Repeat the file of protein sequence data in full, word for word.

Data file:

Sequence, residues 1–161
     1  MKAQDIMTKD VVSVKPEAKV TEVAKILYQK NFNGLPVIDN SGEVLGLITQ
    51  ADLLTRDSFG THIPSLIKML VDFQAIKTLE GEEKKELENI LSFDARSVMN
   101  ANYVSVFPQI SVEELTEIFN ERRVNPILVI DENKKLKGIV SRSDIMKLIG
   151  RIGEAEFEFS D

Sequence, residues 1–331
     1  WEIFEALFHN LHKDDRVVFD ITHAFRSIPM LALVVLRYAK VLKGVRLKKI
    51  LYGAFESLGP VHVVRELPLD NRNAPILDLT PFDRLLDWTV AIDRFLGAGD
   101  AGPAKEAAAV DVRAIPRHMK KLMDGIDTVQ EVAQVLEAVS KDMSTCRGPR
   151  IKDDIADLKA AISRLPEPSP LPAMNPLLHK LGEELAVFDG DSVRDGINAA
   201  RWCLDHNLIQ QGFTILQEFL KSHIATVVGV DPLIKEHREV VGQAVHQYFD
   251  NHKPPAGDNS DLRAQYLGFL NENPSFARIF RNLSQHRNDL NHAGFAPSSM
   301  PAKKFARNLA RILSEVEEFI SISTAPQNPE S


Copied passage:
Sequence, residues 1–161
     1  MKAQDIMTKD VVSVKPEAKV TEVAKILYQK NFNGLPVIDN SGEVLGLITQ
    51  ADLLTRDSFG THIPSLIKML VDFQAIKTLE GEEKKELENI LSFDARSVMN
   101  ANYVSVFPQI SVEELTEIFN ERRVNPILVI DENKKLKGIV SRSDIMKLIG
   151  RIGEAEFEFS D

Sequence, residues 1–331
     1  WEIFEALFHN LHKDDRVVFD ITHAFRSIPM LALVVLRYAK VLKGVRLKKI
    51  LYGAFESLGP VHVVRELPLD NRNAPILDLT PFDRLLDWTV AIDRFLGAGD
   101  AGPAKEAAAV DVRAIPRHMK KLMDGIDTVQ EVAQVLEAVS KDMSTCRGPR
   151  IKDDIADLKA AISRLPEPSP LPAMNPLLHK LGEELAVFDG DSVRDGINAA
   201  RWCLDHNLIQ QGFTILQEFL KSHIATVVGV DPLIKEHREV VGQAVHQYFD
   251  NHKPPAGDNS DLRAQYLGFL NENPSFARIF RNLSQHRNDL NHAGFAPSSM
   301  PAKKFARNLA RILSEVEEFI SISTAPQNPE S